September 18, 2016
By Detmer Yens Kremer
In 2015, the Australian government passed legislation intending to drastically cut funding for remote Indigenous communities. This effectively means the closure of approximately 150 communities. This decision is rooted in anti-Indigenous prejudices encoded in language of “treating everyone equally” and the idea that being a member of these communities is a “lifestyle choice.” Currently, the enactment of this legislation is looming over hundreds of Indigenous communities and treatening a variety of Aboriginal cultures. Many activists have been protesting these developments. One of these protesters is Clinton Pryor (Noongar), who since September 8, 2016 has been walking from Matagarup, near Perth, to Canberra to raise awareness of the increased injustice Aboriginal communities are facing.
“The thing I cherish most in my life,” Pryor explains when he is talking about his protest, “was living in community out on country with my mother and my people. My mum was very happy and lovely lady. She was a person who believed in happiness. When my mum was alive, before she passed on, she was teaching me about bush medicines and how to live off the land, like our old people. She wanted me to understand the ways of our people and never be ashamed of being a part of the Dreamtime. I'm doing this walk for our people, for myself and also for my mum. I do not want to see communities closed down and see my people lose their home because the government has decided not fund service for them. It is not right and this why I am doing the walk to save my people from losing their home and being forced to live homeless.” Pryor puts his protest in a historical continuum. It is an act of reclamation of spaces that the non-Indigenous government is attempting to redefine as empty and lifeless. Pryor’s walk brings attention to how full the land is, particularly in two ways. Firstly he does so literally, by bringing attention to the Indigenous communities that call this land home and have done so for centuries. Pryor challenges the very notion that being far from urban centers equates unviability. Secondly, he explicitly fills the land with Indigenous spirituality by talking to elders, going to spaces like Uluru, and invoking Dreamtime. He is invoking Indigenous definitions of the land, and demanding respect and equitable treatment for Aboriginal Peoples.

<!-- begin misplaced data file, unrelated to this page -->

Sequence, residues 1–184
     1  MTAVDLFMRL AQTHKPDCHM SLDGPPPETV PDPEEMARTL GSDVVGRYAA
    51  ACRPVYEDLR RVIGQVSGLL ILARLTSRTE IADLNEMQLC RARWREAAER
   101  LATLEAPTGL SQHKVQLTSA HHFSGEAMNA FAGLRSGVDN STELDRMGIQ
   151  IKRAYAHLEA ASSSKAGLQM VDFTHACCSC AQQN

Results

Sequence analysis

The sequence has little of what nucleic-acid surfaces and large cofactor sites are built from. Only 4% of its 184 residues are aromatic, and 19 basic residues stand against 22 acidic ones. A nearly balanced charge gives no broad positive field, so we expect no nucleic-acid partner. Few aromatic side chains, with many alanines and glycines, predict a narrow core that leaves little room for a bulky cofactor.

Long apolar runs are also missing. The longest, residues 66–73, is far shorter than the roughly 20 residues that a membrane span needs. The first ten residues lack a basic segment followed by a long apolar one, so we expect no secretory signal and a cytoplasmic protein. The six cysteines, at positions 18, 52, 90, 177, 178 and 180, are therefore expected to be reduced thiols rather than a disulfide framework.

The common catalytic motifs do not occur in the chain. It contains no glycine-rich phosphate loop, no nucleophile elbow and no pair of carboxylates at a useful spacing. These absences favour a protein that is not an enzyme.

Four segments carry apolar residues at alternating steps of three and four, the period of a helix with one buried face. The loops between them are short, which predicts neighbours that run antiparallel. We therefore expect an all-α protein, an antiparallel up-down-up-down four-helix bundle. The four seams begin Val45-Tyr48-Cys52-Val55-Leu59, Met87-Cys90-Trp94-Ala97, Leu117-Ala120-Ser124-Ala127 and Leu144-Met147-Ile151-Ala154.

This walk is a powerful one. It challenges the intentional dislodging of Indigenous communities as well as the paternalistic attitudes in regards to how the Australian government is treating Indigenous sovereignty. Clinton Pryor’s walk is currently happening, and has recently been endorsed by former Australian prime-minister Kevin Rudd. Pryor posts regularly on his facebook and website to ensure a continuous stream of updates and information. Additionally Noongar Radio will provide daily updates and other additional resources.
Photos courtesy of Clinton Pryor.